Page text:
One place where I think an error was made is in the spell point prices for Blast spells. Fireball and Lightning Bolt both do d6/level in pretty good-sized areas at 3rd level, while Cone of Cold does d6/level in an honestly-lousy area (cones are awful - you have to open a hole in the front line and expose your caster, and you're going to waste a lot of area most of the time) at 5th level. What gives?
The secret is that Fireball and Lightning Bolt both have "unpredictable area when used indoors, high probability of friendly fire" clauses - fireball expansion to volume, and lightning bolt random reflection off of hard surfaces. This hazard is borne out by that finest of accounts of old-school play: Tucker's Kobolds.
I recall we had a 12th-level magic user with us, and we asked him to throw a spell or something. "Blast 'em!" we yelled as we ran. "Fireball 'em! Get those little @#+$%*&!!"The hazards of using these spells indoors mark them as clearly "outdoor toys", to use my mother's phrase. Their availability heralds the wizard's entry into wilderness-adventuring levels, for use in blowing up large groups of humanoids in open areas, just as +1 hireling morale marks the beginning of the fighter's wilderness game (I wonder if there's an equivalent for cleric? They do get create water, growth of animals, and speak with plants all at 24kXP, 4kXP after wizards get fireball and 8kXP after fighters get hireling morale...). Further, because Fireball and Lightning Bolt are so dangerous to use, they should not trivialize dungeoncrawling, as we often see them do in later editions.
"What, in these narrow corridors? " he yelled back. "You want I should burn us all up instead of them?"
This friendly fire problem also explains the existence of Delayed Blast Fireball. I'm not totally clear on the history of this spells, but it does appear in Swords and Wizardry (an OD&D clone), indicating that it has some TSR lineage. The ability to delay a fireball, so as not to fry your whole party in the dungeon, raised the spell's level from 3rd to 7th. Swords and Wizardry also helpfully notes that the volume of a (20' radius, in contrast with ACKS' 10' radius) fireball is about 33 10'x10'x10' dungeon hallway cubes, which seems more than adequate to thoroughly self-immolate if used indoors, and makes it very clear the the fireball expands to volume. This is crazy; it suggests that the multiplier for "non-TPK-inducing" on Fireball should be about x2.33, and even that leaves you with another drawback (the delay)! If you just want some nice clean area effect damage that is blocked by walls, doesn't try to kill you, and does 1d6 per caster level right this round... too bad. There is no such spell in S&W (not even Cone of Cold with its crappy area). d6/level is serious business, and doesn't come without correspondingly serious drawbacks. Big areas of effect are a necessary consequence of dealing with that level of barely-controlled elemental energy.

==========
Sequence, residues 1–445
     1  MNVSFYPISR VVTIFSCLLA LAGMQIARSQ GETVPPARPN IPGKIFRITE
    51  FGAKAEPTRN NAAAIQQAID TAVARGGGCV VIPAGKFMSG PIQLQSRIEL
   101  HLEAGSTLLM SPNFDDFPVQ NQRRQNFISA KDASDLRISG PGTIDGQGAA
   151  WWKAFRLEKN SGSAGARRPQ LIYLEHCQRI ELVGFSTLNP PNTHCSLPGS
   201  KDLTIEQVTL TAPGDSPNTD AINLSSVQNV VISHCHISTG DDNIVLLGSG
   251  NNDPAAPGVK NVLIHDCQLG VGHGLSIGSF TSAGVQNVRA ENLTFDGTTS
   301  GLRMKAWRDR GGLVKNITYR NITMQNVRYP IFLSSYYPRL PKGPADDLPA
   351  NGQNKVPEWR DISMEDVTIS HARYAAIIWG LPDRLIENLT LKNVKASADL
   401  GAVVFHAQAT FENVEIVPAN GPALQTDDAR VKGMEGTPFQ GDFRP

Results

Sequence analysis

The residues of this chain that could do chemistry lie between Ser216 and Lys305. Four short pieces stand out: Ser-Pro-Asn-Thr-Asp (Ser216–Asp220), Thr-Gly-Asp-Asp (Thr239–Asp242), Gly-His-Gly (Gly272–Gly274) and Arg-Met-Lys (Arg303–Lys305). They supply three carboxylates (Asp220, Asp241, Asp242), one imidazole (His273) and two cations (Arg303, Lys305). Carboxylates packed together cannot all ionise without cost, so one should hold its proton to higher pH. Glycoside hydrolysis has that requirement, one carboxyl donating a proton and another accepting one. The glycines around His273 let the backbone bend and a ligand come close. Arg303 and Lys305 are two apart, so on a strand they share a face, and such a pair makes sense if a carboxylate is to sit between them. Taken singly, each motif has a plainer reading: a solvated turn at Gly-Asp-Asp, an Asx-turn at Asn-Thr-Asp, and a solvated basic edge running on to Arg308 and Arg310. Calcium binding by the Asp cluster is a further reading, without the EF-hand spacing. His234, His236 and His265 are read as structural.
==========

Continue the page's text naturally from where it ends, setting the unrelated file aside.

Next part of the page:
Another illustrative example from Swords and Wizardry is Ice Storm. Ice Storm is 4th level, covers a 30'x30'x30' cube (but doesn't say anything about expanding), and does 3d10 damage, flat, fixed, no save. During my 3.x days, everyone hated on Ice Storm, but it makes a lot more sense now, because it is good for not committing suicide by sorcery.
In all of Swords and Wizardry, the only spells that deal uncapped one-die-per-level damage are Fireball, Lightning Bolt, and Delayed Blast Fireball, and they are all nontrivial to use safely and effectively indoors. The only other damage spell that scales with level at all (ie, isn't just fixed number of dice), that I saw, is Magic Missile, which scales comparably to how it does in ACKS.
Thus, while ACKS' spell creation rules explain Fireball and Lightning Bolt's relative advantage over Cone of Cold by research breakthroughs, I think an "if you use this indoors you risk a party wipe" modifier is probably much more correct. Honestly I'm probably in favor of just banning non-fixed-dice damage unless it's got some horrible rider attached to it. I also sort of want to bring back 20' radius Fireballs, too, because they are, from a certain point of view, more balanced than 10' Fireballs. And when a 20' fireball expands to volume in a wilderness hex because you ground-bursted it, you get a 25' radius, which lets you cover about 70% of a 60' hex. I'm not totally clear on how the maximum damage fraction for Fireball was set in Domains at War, but I suspect you could do a lot more than 1/8th of a Company's maximum HP if you covered most of its hex. Likewise, at Platoon scale, you could totally cover a single hex for excellent damage with a little splash out into adjacent hexes.